Blended family holiday planning
Blending four young children, managing a harried schedule with two former spouses and competing with the other households for time ignited a simmering blaze that burned throughout the season, leaving behind a trail of hurt feelings and unmet expectations.
I learned some valuable lessons on negotiating with others and compromising on details. I also resolved to take proactive steps to help relieve some of the turmoil and division that occurred among family members. Here are a few suggestions for a more peaceful get-together that will enable your family to enjoy one another and create lasting memories instead of simply surviving another holiday season.
Consider your children’s needs. Children don’t choose to join a stepfamily and they don’t deserve to be pulled between family members. Allow them the freedom to go to each parent’s home without a guilt trip. Help your children buy gifts for other family members. And don’t set a lot of rules about where gifts are kept or played with. If your child receives a gift he’s asked for all year and leaves for dad’s house that afternoon, it’s likely he will want to take the gift with him.
Be proactive. Plan your schedule early. Have a family meeting and talk about the logistics of the season – when to decorate, what to eat, how to do a gift exchange (including who to include) and special events (school programs, work gatherings). Ask each family member to participate in the planning and decision-making. Negotiate the visitation schedule early to allow time for input from all parties.
Set aside unrealistic expectations. Accept that there will be unhappy moments. Children experience fluctuating emotions as they cope with the loss of their nuclear family and accept their new family. They may act out or withdraw during periods of grief. When my stepchildren lost their mother, holidays became especially difficult for them. Memories of past holidays sometimes prevent them from enjoying our family celebrations today. However, a difficult day or period of unhappiness doesn’t have to ruin the entire holiday season.
Be flexible and agreeable when possible. Be willing to make sacrifices to fit everyone’s schedule. Offer alternatives and recognize that Christmas can be celebrated on a day other than December 25 and still be a special day. We have altered our gift exchange many years to allow everyone to be together. Try to be fair to all parties involved and commit to do your part toward peaceful interaction with your ex. Separate old marital issues from parenting issues and rid your heart of resentment or bitterness that might be preventing friendly communication.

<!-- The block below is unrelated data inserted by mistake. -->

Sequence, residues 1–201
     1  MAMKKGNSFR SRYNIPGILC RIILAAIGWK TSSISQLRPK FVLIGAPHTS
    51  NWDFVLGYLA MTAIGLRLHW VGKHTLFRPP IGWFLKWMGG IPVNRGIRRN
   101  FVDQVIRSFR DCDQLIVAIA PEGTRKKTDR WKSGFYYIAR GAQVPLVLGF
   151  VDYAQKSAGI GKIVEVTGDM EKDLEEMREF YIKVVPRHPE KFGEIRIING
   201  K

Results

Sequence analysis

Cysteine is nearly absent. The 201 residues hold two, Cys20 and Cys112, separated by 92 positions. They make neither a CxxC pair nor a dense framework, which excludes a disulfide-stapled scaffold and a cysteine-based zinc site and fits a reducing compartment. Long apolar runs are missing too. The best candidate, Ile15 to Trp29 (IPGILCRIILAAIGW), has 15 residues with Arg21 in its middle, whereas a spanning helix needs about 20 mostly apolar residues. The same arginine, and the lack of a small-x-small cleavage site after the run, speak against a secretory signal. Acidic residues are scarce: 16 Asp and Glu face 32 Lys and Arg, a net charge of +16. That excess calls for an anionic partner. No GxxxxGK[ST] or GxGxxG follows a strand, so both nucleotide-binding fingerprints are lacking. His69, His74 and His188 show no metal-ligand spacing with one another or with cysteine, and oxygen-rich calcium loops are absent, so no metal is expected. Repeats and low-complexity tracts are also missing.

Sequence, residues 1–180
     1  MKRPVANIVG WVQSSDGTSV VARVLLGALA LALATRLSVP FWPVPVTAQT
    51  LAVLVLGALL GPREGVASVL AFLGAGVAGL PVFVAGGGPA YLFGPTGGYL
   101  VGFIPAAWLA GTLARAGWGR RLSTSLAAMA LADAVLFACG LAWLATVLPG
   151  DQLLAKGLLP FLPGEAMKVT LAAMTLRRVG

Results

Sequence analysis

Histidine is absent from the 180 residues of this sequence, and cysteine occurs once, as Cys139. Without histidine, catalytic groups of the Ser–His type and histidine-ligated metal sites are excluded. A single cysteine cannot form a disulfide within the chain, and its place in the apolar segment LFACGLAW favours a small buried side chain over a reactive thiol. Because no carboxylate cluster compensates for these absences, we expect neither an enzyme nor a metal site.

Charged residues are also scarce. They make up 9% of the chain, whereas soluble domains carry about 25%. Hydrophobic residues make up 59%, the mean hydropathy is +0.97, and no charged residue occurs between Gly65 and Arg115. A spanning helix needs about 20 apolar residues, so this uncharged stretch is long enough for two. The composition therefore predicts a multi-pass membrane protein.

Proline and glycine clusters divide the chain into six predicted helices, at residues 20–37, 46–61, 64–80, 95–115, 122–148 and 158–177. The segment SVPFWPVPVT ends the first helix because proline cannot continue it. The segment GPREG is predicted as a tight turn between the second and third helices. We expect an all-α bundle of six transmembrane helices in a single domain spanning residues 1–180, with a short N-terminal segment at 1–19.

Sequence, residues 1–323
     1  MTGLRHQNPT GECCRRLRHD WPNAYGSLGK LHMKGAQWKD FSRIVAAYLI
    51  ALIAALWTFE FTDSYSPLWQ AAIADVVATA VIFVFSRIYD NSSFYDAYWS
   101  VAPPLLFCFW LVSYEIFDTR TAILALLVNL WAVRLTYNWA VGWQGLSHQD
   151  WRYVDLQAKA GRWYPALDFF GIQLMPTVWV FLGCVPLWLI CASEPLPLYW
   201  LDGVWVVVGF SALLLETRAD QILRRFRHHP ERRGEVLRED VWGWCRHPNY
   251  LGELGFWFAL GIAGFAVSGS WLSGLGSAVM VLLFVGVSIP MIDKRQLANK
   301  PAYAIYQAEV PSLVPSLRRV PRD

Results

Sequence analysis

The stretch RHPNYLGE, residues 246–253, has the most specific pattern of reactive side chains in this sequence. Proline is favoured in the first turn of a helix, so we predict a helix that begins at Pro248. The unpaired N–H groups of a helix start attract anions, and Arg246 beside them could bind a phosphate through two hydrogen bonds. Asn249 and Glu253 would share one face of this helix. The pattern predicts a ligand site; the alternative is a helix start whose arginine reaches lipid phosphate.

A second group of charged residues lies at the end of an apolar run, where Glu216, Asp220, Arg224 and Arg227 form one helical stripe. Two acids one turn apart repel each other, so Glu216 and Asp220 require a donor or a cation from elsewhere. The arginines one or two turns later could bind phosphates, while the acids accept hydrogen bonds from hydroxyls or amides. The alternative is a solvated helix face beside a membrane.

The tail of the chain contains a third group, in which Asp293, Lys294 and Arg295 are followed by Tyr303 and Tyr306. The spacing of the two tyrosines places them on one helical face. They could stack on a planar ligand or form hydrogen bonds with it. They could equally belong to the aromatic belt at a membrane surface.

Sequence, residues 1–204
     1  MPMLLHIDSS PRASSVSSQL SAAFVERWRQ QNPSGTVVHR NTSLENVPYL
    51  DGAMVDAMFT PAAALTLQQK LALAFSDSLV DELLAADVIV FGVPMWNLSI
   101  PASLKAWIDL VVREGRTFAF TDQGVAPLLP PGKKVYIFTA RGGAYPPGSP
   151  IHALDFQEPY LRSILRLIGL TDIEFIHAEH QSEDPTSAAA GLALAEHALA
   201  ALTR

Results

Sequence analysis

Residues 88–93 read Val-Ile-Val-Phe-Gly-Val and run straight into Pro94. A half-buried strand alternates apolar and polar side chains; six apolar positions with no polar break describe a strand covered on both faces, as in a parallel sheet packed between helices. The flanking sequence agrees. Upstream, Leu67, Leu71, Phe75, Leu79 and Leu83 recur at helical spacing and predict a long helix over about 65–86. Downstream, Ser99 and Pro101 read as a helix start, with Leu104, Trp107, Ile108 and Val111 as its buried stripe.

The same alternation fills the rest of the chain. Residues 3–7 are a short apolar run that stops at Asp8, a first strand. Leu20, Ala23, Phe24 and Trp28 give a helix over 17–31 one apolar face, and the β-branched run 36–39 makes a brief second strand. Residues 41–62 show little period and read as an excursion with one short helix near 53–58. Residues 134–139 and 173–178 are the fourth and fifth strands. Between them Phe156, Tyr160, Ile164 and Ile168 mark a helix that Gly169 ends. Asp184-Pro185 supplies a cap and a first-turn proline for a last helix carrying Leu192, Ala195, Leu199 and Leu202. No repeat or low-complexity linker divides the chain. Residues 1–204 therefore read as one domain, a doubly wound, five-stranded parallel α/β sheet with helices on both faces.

Start new traditions together and continue to celebrate old ones that fit. Traditions offer a sense of belonging to family members and cement relationships. Talk to your children about what traditions are important to them and brainstorm ideas for new traditions to start. Soon after we married, we started a tradition of reading the Christmas Story to our children on Christmas Eve to remind them of the reason we celebrate. We also enjoy special church services and a light show together. We like to decorate the house and bake special goodies for those we love. Traditions are a great way for blended families to create bonds with one another that are strengthened every year.
With the right attitude and proactive steps, holidays can be enjoyable and memorable as a blended family. There may be bumps along the way, but don’t give up on a joyous holiday season.
Gayla Grace is a freelance writer and a wife and mom to five children in her blended family. She loves helping parents find success in their blended family relationships.